DIY: Industrial Pipe Coat Rack

Decorating your home with items made from industrial piping seems to be all the rage right now. There are even kits out there so you don't need to sort through all the piping at the home improvement store. However, some of these kits seem to come at a premium. I've also seen these coat racks for around $80 on Etsy. While they do take some time to build, they're VERY EASY to make. You can make your own for around $30. I've included an Amazon link to each part but they seem to be much more than the hardware store.

Parts List:
All piping is 1/2 inch black steel
4 - 1 inch close
4 - Floor flanges
4 - 90 degree Street elbows
4 - End Caps
1- 1x4 - 27" in length (or if you have some reclaimed wood, use that)
1- Can of Stain
8 - 3/4" wood screws 
Optional - Rust-Oleum Oil Rubbed Bronze Metallic Spray paint

Head to the piping section and pick up the following in 1/2 inch black steel pipe:

4: 1 inch (length) nipples
4: Floor flanges
4: Street elbows
4: End Caps

Be sure to get street elbows so you'll have a threading on the outside for the end cap to attach to and a threading on the inside for the nipple to attach to. 

They'll attach together as shown in the following pictures:

You might also notice the piping company, LDR, sells a kit for a single wall hook with all the included mounting hardware.

I ended up buying 4 of these wall hook kits rather than buying each section of piping individually. At the time, they were $7 each. The last time I checked, they were in stock but not displayed in the store. You may have to order online and use the "Pick Up in Store" option.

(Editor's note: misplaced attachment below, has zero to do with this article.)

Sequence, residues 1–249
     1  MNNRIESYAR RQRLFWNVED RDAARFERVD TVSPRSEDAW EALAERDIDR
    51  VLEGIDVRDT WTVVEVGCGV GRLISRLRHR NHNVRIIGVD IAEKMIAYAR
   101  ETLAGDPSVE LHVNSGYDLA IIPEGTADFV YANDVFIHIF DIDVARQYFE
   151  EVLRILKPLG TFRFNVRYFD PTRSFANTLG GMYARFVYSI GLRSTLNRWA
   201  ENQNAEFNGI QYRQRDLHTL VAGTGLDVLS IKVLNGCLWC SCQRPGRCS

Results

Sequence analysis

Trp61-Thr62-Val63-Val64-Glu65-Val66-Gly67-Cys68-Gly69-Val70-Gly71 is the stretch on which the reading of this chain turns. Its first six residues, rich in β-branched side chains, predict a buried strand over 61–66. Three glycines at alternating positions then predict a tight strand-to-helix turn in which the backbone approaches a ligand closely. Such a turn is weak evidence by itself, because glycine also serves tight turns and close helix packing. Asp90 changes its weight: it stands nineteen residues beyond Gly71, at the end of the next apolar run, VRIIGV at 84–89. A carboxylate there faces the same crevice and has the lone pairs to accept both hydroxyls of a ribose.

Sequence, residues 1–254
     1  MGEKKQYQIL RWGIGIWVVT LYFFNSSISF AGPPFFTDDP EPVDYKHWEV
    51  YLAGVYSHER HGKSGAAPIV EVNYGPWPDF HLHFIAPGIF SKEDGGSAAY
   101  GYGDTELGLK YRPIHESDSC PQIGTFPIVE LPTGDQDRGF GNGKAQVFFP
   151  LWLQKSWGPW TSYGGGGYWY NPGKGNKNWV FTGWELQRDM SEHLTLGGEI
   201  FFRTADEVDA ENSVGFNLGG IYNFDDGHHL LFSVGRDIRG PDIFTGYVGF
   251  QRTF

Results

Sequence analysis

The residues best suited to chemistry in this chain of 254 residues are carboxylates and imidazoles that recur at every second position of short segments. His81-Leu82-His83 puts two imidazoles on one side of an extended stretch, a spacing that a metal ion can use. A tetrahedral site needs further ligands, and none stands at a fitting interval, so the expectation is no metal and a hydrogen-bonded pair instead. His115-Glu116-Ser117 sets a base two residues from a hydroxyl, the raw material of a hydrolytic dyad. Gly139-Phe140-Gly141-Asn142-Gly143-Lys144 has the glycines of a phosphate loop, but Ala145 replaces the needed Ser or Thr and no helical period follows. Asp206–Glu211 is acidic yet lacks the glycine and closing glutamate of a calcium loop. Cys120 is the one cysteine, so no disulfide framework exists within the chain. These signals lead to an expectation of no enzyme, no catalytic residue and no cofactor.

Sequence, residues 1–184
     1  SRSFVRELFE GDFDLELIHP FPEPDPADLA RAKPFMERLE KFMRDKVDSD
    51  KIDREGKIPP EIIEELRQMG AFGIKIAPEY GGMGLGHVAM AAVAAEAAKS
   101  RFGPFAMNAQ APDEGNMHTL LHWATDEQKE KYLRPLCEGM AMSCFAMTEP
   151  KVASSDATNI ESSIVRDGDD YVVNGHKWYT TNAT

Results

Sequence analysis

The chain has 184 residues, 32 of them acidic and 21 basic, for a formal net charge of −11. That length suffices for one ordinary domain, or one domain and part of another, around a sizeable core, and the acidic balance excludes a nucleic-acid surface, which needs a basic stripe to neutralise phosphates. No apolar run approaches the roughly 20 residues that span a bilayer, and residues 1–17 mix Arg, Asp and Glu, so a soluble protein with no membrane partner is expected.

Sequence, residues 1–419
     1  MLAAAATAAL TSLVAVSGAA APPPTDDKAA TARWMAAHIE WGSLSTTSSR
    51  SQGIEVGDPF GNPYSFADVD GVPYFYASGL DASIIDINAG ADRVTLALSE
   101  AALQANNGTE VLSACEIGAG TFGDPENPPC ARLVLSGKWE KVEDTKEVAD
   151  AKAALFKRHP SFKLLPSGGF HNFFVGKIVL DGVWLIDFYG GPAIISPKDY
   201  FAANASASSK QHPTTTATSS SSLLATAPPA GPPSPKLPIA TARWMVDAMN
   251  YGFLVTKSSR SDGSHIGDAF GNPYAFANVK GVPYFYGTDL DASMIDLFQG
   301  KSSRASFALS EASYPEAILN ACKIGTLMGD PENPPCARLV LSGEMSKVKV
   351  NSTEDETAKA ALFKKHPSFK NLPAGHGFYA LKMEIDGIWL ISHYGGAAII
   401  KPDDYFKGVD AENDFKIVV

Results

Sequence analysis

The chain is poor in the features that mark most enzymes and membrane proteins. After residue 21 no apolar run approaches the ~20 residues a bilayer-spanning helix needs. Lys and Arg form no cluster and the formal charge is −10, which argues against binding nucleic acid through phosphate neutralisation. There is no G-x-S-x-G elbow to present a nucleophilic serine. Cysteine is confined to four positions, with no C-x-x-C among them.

Then I picked up a 1x4 and headed over to the paint department to pick out a stain. I thought a darker stain would look better so I went with Minwax Espresso stain. (Sorry about the glare)

Before staining, I roughed up the 1x4 with a hand planer and a hammer. You don't need to do this but I thought it would give the rack a worn look. Oh, I also sanded the edges with an orbital sander.

I used two coats of stain on the front and one coat on the back. I forgot to sand in between coats so, I only sanded after the second coat on the front and didn't sand the back...since no one will see it.

After staining and drying I figured out the spacing of the hooks. Measure from the top and bottom to figure out the vertical spacing. Once you find this line, use a yard stick to figure out the horizontal spacing. The spacing works out pretty even. The hooks on the outside are 3 inches apart from the edge. Each flange is 3" in diameter so, I left 3" between each hook which meant 6" between the center of each.

I did not use the provided screws since I wasn't mounting the hook directly into the wall. I used a shorter wood screw and spray painted the tops with the Rust-Oleum Oil Rubbed Bronze Metallic Spray paint. I happened to have this on hand and it was close enough to the color of the piping for me.

My wood was soft enough to screw directly into the wood without drilling. If you use a hardwood or decide to drill, you'll probably just need a small pilot hole. I only used two screws on each hook since I was planning on using the additional holes to secure it to the wall.

This build was very easy, it spanned over 2 days but only involved about an hour of work. If you're looking for a pipe project for your house, this would be the perfect place to start. 


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